Human deaths in wildlife attacks have been rising in the forests of Brahmapuri in Maharashtra, from six in 2006 to 18 in 2018, most of them in tiger and leopard attacks . A look at the factors leading to the area’s emergence as a human-wildlife conflict zone, and the mitigation measures taken or explored:
The 1,200-sq-km Brahmapuri forest division of Chandrapur district — home to 41 tigers (16 males, 25 females, besides some 15-16 cubs) as well as 80-90 leopards — is not a tiger reserve. Brahmapuri is today the most precious tiger-bearing non-protected area in the country.
Among the reasons for Brahmapuri emerging a hotspot for human-wildlife conflict, the most obvious is the growth of tiger numbers, from about 15-16 in 2013 to 41 now. Chandrapur district as a whole has more than 100 tigers, possibly the highest for a district anywhere in the country. Brahmapuri’s 41 tigers have to live with over 610 villages, half of them close to the forest.
Among other reasons for the conflict are high fragmentation of the forest and high cattle density. Cattle being easy food for tigers, cattle kill cases have risen from 305 in 2009-10 to 852 in 2018-19.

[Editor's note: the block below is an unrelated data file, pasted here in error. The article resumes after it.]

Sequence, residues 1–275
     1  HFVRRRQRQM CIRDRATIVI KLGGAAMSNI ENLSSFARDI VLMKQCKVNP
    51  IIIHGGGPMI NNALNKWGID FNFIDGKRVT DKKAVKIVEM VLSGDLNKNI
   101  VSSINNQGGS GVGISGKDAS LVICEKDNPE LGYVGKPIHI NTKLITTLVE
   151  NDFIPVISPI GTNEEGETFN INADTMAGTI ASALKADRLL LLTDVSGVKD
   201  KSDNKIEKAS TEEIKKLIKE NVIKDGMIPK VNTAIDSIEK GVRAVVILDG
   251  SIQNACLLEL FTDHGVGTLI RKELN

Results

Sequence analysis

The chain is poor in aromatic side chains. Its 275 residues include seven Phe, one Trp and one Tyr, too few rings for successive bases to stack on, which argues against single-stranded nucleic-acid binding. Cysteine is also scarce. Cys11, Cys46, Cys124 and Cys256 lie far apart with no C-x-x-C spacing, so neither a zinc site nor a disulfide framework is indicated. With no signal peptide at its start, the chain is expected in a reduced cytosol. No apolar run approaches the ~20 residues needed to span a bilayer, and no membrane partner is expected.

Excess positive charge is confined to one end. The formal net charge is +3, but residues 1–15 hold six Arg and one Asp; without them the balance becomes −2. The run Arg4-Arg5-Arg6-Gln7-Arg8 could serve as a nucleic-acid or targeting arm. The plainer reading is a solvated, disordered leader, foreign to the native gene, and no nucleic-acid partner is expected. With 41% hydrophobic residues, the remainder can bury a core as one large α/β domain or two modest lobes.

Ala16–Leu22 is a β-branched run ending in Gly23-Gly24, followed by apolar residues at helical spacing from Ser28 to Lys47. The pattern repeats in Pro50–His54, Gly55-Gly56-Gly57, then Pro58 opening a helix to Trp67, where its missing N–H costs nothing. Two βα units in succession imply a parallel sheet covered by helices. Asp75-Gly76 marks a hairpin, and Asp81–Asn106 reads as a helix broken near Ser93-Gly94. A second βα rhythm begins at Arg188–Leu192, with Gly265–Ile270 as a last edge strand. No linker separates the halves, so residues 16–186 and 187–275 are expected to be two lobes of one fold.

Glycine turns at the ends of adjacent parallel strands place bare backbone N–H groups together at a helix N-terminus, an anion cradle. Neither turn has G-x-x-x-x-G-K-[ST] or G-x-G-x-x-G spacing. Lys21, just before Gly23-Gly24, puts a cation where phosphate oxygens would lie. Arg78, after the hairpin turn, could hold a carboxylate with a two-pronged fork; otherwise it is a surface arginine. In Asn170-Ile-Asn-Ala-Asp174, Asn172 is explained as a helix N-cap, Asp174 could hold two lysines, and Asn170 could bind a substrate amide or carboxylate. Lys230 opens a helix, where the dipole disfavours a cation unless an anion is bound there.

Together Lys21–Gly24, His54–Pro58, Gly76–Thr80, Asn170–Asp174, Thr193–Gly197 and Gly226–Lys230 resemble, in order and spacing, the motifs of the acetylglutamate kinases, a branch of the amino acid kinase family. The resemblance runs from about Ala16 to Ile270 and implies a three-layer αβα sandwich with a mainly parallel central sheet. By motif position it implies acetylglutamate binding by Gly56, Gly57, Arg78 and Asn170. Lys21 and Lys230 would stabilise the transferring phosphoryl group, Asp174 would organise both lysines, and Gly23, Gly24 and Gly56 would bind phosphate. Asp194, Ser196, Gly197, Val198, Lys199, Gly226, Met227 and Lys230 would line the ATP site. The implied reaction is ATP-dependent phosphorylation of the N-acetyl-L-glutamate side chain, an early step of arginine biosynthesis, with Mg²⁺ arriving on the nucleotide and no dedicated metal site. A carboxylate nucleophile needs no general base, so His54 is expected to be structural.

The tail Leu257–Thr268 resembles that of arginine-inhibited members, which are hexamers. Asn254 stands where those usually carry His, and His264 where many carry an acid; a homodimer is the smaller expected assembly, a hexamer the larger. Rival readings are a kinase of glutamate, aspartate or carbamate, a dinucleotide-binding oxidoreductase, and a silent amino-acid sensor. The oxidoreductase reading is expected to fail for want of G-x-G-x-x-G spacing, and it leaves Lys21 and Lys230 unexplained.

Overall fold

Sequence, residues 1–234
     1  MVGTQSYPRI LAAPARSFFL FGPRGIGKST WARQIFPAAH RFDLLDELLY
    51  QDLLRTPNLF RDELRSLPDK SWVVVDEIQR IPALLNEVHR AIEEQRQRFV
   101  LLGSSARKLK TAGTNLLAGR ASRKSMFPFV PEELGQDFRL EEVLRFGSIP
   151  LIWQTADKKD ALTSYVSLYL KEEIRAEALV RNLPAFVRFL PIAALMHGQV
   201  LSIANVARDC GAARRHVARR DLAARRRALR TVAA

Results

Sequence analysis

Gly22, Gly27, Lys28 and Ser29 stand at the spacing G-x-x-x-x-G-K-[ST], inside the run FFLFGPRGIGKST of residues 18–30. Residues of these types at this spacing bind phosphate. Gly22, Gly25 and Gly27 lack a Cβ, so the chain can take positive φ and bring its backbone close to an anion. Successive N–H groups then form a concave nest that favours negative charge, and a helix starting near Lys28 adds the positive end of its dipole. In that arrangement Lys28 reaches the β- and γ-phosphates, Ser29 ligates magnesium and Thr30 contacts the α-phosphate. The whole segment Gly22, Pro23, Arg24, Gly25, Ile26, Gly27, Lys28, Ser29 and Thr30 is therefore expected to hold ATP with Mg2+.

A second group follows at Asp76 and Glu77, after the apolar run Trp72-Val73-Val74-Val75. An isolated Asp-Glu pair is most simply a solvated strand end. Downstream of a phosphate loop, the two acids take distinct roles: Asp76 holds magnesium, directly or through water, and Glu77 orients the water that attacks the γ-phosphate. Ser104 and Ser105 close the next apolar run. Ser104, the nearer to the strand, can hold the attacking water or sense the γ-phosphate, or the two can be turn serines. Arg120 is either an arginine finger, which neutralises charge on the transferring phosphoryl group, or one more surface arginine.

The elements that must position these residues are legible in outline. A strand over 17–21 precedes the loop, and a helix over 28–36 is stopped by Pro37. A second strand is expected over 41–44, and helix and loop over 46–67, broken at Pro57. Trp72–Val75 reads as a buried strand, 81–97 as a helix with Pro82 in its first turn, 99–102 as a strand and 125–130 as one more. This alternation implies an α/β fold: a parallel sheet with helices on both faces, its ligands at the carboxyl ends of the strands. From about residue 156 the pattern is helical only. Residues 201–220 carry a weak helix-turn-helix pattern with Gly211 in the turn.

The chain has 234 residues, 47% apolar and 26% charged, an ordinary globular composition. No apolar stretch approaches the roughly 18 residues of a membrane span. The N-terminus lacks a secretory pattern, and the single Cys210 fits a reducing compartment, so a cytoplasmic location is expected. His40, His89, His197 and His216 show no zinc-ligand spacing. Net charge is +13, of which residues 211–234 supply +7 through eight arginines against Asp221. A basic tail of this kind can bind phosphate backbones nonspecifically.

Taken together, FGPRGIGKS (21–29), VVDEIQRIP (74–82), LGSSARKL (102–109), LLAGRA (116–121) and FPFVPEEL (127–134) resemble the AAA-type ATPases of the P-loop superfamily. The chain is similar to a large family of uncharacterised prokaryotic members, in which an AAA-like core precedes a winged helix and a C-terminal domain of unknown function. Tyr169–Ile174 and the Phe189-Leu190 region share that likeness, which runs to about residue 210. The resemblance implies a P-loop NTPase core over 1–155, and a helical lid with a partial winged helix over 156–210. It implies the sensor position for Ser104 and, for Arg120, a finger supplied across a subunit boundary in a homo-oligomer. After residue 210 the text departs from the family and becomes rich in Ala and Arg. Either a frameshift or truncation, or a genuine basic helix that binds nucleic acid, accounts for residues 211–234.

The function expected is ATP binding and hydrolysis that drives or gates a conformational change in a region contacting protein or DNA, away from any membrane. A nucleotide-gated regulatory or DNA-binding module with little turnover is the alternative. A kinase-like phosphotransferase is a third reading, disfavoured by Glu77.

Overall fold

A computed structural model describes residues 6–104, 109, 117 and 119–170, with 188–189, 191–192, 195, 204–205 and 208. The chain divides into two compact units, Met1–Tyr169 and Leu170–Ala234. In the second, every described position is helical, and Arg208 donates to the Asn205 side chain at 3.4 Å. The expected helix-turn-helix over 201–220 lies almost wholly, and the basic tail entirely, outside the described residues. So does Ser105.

Brahmapuri has one the highest numbers of roads for a forest teeming with tigers. And then there are agricultural fields all around. So, tiger dispersal or movement is bound to trigger conflict with humans.
One major factor for the rise in tiger numbers has been a major crackdown on organised poaching gangs that had been operating since 2013.
As with any forest, human-wildlife conflict is mostly due to people’s interface with wildlife. People go inside the Brahmapuri forest to collect minor forest produce and firewood. The conflict is generally intense during April-May, when people enter the forest to collect mahua flowers and tendu leaves, the latter used to make beedis. Mahua flowers are nutrient-rich and edible, and are also used to make liquor.
The forest officials have mapped the possible conflict spots. Awareness campaign has been launched and compensation is provided to family members of victims.
The state government started providing LPG to villagers at 50% subsidy to reduce people’s dependence on firewood for which they had entered forests. The result was that number of human deaths in wildlife attacks came down from six in 2008 to one in 2013.
This has so far remained unexplored. There is a need to shift females to areas like Navegaon-Nagzira Tiger Reserve that are deficient in female population. That will also arrest the fast breeding in the area.